Barloga, Dennis

Dennis Barloga’s experience with photography began in 1966, when, as a Peace Corps member, he received the gift of a camera to document his time in the Polynesian islands of Tonga. He was immediately fascinated by the challenge.

Upon his return to the United States, he began to study commercial photography at San Francisco City College. Even before his studies were over he was offered freelance commercial work in news, public relations and portraiture. Although his successes quickly mounted, so did a sense of something lacking.

In 1973 Barloga turned toward quieter, more expressive, non-commercial work. His new approach, concerned mostly with nature’s moods, colors, designs, and forms, formed a body of work which is now collected on five continents and throughout the United States, and has appeared nationally in books, magazines and calendars.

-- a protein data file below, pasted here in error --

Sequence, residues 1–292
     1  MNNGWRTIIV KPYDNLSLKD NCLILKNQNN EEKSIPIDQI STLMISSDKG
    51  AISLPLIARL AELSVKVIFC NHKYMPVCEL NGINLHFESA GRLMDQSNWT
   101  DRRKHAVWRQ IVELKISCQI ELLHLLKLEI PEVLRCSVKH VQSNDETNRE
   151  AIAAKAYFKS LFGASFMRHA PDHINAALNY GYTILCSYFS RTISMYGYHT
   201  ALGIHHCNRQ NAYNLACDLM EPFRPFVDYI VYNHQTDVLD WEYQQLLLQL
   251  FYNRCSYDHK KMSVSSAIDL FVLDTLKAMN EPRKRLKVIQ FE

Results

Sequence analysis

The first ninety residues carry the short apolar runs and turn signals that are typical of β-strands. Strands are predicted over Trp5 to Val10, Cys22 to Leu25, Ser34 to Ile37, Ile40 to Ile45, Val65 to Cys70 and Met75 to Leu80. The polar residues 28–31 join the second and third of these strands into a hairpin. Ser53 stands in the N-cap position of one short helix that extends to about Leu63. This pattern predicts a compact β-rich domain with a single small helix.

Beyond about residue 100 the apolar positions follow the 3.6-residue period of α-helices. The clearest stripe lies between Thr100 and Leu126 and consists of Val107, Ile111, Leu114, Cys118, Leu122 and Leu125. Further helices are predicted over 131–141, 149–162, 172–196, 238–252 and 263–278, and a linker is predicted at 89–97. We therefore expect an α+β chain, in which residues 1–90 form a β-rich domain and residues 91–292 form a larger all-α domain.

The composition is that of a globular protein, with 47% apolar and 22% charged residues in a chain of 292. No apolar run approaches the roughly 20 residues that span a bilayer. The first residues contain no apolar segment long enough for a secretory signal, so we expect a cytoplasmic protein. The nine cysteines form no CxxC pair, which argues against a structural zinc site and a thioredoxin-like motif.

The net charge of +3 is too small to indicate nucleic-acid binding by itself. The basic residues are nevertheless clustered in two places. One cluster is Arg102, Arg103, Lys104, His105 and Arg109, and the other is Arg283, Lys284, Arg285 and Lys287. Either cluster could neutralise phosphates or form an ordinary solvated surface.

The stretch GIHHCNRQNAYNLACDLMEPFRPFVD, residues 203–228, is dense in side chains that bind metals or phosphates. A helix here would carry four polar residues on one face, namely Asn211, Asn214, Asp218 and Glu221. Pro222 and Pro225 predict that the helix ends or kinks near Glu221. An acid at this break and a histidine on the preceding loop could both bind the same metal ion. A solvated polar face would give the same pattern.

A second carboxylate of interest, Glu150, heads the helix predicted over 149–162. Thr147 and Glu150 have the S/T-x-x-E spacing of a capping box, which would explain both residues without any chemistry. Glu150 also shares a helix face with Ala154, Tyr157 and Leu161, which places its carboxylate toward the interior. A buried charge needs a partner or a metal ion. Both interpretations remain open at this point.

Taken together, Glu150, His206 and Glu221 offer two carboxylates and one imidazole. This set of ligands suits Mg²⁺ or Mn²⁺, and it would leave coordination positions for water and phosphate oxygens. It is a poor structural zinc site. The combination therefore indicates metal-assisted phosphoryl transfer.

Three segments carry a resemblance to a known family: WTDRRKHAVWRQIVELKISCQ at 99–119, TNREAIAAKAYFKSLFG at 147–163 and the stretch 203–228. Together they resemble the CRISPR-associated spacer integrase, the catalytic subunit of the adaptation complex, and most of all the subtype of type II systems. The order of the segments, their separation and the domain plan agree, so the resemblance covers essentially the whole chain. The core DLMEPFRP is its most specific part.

In 1979 Barloga opened the Dennis Barloga Gallery in San Francisco, California, which he ran until 1986. In that year Barloga took his first trip to Europe, and a new photographic interest was awakened by the architectural beauty he found there. Doors, windows, house fronts, storefronts, and café scenes all became new subject matter. “I was inspired to change my focus. I found that Europe’s villages, with their charming, everyday details, spoke to me. I always wonder what it would be like to live on the other side of a particular door or window.” During the past several years, he has continued to visit Europe to capture the quaintness of the villages on film, adding to his portfolio of images.

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